Hidden gem: Stacey Farrell's award-winning 'Coast House' at Omaui


A Queenstown architect has won the ‘Green Home of the Year’ award at Home Magazine’s Home of the Year award.

Stacey Farrell, who picked up the award in person at the ceremony in Auckland a fortnight ago, says when she saw the names of the other architects short-listed, she felt like she was
‘‘in with the big guns’’.

The award’s for the ‘Coast House’ she and cinematagrapher husband, Ben Ruffell, built in Omaui, between Invercargill and Bluff.

They completed the house about a year ago, seven years after she began design work on

It has views north across an estuary to Oreti Beach, with native forest out the back and
‘‘amazing birds and wildlife’’.

It has a floor area of 142 square metres, but after a woodshed, storage area and ‘mud
room’ — for wet shoes and coats — it has about 100sqm left over for living space, including two bedrooms.

Like the majority of her architectural work, she’s designed the house using passive house principles, with a focus on ethical, locally-sourced, carbon-neutral products.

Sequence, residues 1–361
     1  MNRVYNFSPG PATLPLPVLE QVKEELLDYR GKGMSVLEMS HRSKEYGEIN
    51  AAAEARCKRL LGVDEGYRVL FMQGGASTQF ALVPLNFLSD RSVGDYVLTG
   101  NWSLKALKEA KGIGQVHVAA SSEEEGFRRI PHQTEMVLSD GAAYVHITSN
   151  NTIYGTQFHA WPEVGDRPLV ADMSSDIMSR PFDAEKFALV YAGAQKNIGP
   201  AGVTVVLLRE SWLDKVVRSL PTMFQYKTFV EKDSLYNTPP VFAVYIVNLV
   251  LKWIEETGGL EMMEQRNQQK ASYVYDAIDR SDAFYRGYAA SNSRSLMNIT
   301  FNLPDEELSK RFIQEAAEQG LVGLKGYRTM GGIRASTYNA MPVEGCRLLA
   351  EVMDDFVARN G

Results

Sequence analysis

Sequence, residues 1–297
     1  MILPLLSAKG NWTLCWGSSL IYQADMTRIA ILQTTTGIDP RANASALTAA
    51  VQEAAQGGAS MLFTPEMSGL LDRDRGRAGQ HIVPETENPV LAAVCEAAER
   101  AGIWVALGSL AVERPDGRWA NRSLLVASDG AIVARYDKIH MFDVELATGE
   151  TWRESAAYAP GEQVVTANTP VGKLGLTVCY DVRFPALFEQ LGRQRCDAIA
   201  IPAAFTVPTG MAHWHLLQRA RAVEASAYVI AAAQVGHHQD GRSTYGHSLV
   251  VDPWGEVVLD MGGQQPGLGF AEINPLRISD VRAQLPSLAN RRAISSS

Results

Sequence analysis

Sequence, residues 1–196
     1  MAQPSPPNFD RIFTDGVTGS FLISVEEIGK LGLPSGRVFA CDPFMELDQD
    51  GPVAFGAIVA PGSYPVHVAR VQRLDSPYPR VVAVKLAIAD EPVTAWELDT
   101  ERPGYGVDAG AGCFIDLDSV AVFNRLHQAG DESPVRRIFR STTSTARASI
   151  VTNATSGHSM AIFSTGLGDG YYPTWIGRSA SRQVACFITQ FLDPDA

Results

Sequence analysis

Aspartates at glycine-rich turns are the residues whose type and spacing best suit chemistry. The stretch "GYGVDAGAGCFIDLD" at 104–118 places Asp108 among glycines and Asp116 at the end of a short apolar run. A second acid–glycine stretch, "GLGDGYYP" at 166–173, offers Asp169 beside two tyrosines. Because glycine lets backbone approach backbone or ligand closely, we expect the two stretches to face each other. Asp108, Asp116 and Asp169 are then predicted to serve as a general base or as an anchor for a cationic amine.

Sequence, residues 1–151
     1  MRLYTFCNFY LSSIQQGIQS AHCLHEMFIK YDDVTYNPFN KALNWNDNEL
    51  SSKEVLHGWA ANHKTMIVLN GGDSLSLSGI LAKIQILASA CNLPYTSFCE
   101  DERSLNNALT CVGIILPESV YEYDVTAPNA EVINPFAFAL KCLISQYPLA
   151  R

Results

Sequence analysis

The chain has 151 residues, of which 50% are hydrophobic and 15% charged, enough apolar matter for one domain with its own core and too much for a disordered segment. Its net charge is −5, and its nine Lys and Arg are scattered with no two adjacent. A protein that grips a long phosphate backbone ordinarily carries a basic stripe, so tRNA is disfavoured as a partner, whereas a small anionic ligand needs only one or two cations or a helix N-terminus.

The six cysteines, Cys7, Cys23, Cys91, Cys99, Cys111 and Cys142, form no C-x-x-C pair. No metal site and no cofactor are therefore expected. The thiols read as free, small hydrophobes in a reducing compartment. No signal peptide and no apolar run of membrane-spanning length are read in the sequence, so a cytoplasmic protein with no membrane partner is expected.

It’s specifically designed for its location and climate, she says.

‘‘It’s not a tropical spot, so I wanted to capture a feeling that you’re hunkering down and coming into something to retreat.

‘‘The reality is it’s much hotter in summer than we ever thought it would be, but summers are — like they are in Queenstown — short and sweet.’’

The interior has a ‘‘warm, textured, lodge-like feel’’.

Part of her motivation was to create a place suitable for them and their dog to take a  break, and others like them.

They’ve owned the north-facing, 911sqm site for a decade, camping there and getting to know the area.

While Ruffell cleared vegetation, she climbed trees to work out how to position the house to make the most of the views.

Now they use it as a holiday getaway, as well as renting it out for short-term accommodation.

Farrell, who’s lived in Queenstown for the past 15 years, says the majority of her residential work is sustainable builds, designed for the area’s climate, with low heating and
maintenance costs.

At the same ceremony, a Bannockburn home designed by a Barcelona-based Kiwi,
Bergendy Cooke, won the overall award.